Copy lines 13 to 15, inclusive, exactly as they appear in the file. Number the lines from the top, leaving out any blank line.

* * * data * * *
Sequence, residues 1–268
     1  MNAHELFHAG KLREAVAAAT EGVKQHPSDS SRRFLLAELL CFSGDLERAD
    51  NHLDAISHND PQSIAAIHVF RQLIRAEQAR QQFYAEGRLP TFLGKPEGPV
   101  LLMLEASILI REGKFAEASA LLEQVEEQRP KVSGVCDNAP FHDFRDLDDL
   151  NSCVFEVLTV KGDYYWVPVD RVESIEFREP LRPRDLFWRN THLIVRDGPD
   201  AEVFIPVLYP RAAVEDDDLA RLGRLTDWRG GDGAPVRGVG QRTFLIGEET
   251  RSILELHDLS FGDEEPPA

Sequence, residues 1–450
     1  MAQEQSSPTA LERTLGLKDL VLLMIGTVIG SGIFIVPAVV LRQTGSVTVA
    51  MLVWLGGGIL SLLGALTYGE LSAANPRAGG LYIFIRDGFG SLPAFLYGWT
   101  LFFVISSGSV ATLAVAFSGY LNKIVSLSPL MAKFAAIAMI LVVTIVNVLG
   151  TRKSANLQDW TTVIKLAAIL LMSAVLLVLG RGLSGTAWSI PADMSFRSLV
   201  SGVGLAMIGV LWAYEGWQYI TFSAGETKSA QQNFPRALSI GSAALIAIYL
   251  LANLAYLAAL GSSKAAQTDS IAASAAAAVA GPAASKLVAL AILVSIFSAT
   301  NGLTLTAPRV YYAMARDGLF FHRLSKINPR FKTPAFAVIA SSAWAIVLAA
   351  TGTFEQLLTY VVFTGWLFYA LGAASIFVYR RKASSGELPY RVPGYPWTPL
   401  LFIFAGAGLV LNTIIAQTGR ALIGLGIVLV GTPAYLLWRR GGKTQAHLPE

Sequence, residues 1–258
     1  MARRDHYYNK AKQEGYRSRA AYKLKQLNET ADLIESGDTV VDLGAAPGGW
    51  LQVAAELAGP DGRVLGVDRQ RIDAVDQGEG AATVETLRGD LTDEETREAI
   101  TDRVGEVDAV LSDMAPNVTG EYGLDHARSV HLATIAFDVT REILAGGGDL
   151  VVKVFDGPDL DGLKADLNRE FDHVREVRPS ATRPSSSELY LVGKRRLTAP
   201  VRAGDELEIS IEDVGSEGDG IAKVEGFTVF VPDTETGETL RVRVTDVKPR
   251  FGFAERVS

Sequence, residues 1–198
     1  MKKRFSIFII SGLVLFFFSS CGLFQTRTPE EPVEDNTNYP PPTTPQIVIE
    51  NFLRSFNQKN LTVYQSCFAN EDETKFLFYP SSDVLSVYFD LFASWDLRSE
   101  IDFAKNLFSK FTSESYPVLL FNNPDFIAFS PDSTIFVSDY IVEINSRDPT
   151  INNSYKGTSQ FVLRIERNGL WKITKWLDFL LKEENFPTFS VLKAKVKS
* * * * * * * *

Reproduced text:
   201  SGVGLAMIGV LWAYEGWQYI TFSAGETKSA QQNFPRALSI GSAALIAIYL
   251  LANLAYLAAL GSSKAAQTDS IAASAAAAVA GPAASKLVAL AILVSIFSAT
   301  NGLTLTAPRV YYAMARDGLF FHRLSKINPR FKTPAFAVIA SSAWAIVLAA